I'm a pensions expert – here's how you can become a millionaire in retirement

EVERYONE dreams of becoming a millionaire – but you could actually make it happen.

Savvy saving now could mean you’re quids in by the time you retire, even on a modest income.

Pensions expert Maike Currie from Fidelity International, told The Sun: “It’s fair to say your chances of winning this sort of lump sum are fairly slim. 

“But becoming a pension millionaire is a goal far more of us can work towards.”

It won’t happen overnight, says Maike who has spent 20 years working in finance, but it’s not beyond the realm of possibility – if you follow some simple steps.

We previously spoke to a 56-year-old retail worker who has a £1million nest egg already saved.

If he retired now, that could give him a lump sum of £250,000 that’s tax free, and then an annual income of £28,700.

Maike said: “Accumulating a £1million pension pot may still feel like a lofty goal, but there are some key principles which can help to set you on the right track, boosting your retirement savings and ensuring you have an income to fund your needs in retirement.”

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With the average income for a "comfortable" retirement estimated to be £34k a year – including holidays abroad – having a goal for your retirement income means your more likely to hit it, whatever the figure.

A million pound goal can take a high income, long time to save or spending sacrifices – or a combination of the three.

Here’s Maike’s top tips for saving that could see you on your way to becoming a pension millionaire.

Get started

Many of us put off saving for more immediate rewards, but getting into the habit of putting money away for retirement is the foundation for building your £1million nest egg.

Maike said: “The first step is to start. While this might sound simple, establishing new habits can take time and effort. 

“Review your outgoings and think about how much you could put aside in savings, as well as opportunities to cut back your expenditure.”

Even a little saved now can add up in the long run. Making regulator contributions is an excellent way of building your pension over time,” she said.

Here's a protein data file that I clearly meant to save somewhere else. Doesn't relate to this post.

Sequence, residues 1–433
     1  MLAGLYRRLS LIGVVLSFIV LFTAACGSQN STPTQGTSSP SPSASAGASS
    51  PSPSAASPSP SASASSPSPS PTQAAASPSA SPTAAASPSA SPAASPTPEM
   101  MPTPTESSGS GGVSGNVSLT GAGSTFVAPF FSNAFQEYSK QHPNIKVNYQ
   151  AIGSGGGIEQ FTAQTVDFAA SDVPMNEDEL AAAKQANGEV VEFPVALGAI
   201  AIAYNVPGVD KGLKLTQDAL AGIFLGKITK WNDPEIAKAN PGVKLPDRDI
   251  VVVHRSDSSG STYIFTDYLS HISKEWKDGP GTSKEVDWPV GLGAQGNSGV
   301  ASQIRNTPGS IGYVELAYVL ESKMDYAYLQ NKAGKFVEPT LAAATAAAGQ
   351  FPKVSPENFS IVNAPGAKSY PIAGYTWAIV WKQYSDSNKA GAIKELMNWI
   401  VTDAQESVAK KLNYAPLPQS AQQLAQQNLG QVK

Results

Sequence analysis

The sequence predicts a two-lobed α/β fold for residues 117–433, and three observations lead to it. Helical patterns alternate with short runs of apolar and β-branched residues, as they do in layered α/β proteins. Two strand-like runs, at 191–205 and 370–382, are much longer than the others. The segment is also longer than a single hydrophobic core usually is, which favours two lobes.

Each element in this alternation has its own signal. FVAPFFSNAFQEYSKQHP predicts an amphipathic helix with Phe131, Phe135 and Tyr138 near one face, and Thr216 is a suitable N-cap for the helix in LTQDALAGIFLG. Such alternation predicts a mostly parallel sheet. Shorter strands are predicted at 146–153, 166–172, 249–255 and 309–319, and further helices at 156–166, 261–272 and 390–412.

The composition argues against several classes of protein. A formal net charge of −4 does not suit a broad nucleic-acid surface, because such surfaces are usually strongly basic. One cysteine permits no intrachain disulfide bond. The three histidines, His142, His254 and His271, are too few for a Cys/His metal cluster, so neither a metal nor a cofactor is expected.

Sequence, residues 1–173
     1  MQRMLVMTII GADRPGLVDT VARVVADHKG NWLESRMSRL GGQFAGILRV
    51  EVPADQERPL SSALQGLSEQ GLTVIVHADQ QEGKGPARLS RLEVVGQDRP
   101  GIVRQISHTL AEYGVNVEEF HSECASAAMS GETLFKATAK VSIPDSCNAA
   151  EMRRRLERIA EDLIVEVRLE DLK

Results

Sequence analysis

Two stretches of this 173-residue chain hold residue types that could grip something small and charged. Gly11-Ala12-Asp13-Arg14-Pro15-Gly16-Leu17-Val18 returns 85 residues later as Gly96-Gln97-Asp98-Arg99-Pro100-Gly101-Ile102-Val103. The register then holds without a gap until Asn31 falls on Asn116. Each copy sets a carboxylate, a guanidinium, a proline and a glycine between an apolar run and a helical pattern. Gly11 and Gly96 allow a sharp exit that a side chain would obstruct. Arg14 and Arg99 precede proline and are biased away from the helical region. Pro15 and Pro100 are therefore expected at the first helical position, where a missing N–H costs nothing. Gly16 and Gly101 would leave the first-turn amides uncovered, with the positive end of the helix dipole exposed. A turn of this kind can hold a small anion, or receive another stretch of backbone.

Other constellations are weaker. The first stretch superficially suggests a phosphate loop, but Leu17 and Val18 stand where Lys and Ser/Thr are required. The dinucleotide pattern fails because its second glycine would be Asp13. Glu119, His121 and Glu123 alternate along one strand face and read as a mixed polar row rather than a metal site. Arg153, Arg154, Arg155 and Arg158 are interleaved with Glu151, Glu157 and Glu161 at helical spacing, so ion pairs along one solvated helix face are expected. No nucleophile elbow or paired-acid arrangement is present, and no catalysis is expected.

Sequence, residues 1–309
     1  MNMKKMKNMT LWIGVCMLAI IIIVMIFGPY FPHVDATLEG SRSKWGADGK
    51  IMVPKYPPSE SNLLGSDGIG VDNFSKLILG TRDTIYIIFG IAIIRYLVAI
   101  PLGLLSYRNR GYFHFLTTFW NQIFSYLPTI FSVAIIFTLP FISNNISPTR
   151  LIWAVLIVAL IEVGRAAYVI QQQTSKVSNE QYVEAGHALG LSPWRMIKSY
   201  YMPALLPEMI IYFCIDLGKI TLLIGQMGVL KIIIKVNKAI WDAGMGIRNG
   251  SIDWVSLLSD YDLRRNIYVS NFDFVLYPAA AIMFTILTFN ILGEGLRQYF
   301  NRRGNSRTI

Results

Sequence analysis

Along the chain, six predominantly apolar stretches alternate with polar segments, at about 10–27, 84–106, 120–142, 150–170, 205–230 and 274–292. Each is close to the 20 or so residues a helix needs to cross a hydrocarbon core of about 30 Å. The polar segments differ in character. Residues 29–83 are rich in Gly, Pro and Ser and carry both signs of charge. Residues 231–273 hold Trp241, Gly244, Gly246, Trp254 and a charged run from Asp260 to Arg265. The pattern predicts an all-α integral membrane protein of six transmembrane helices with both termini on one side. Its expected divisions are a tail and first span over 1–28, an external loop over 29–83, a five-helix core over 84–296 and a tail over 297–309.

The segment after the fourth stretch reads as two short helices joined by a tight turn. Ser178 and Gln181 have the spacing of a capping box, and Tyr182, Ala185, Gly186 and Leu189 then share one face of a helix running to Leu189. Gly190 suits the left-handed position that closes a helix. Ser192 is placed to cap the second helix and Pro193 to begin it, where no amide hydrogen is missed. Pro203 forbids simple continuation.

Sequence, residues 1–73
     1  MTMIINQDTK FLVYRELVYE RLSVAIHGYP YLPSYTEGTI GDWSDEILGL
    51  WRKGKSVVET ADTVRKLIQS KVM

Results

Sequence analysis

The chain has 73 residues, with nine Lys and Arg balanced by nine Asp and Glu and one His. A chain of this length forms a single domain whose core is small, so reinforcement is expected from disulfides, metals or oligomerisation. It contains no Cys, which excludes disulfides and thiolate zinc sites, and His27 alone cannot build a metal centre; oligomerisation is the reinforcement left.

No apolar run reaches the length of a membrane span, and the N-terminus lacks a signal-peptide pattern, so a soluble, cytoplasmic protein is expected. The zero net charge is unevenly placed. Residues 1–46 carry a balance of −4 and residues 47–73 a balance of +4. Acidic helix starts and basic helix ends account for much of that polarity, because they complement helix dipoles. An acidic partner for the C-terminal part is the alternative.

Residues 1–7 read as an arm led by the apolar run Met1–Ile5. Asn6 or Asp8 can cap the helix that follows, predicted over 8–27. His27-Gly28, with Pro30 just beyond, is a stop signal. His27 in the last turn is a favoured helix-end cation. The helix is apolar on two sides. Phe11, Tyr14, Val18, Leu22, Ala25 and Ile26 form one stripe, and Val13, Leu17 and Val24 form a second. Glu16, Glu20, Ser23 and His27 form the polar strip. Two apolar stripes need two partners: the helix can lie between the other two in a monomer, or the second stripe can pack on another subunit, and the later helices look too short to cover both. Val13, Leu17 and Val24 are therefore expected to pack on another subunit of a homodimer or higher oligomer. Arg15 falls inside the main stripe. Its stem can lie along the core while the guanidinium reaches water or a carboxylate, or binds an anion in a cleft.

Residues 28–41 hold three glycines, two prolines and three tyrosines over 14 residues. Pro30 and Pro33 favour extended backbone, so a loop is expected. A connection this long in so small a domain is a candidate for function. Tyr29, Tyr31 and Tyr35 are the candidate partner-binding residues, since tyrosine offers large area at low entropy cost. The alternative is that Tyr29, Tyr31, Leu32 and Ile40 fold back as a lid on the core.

Maximise your workplace pension

More than 10million Brits now pay into a pension through their workplace automatically. But this may not be enough to give you the retirement you want – or that first million.

Review your contributions regularly and increase them when you can, and see what your employer offers.

Maike said: “If you’re part of a workplace pension scheme you’re likely to be investing 8% of your salary already (5% of contributions made by you as an employee, topped up with 3% from your employer). 

“But it’s worth exploring whether your employer is willing to make contributions on your behalf above the statutory minimum levels.

“Some employers will contribute a basic amount to your pension plan and offer to contribute more if you do too – see if these ‘extra’ contributions are available to you and if they are, think about if and when you can take advantage of them.”

By increasing your pension contributions – even by a small amount – you have a longer time for that money to grow, she added.

Meanwhile, if you’re one of the more than four million Brits who work for yourself, you’ll need to set up your own personal pension.

Maike said: “Opening a SIPP (Self-Invested Personal Pension) will allow you to invest these savings and begin building your retirement pot." 

Take advantage of tax perks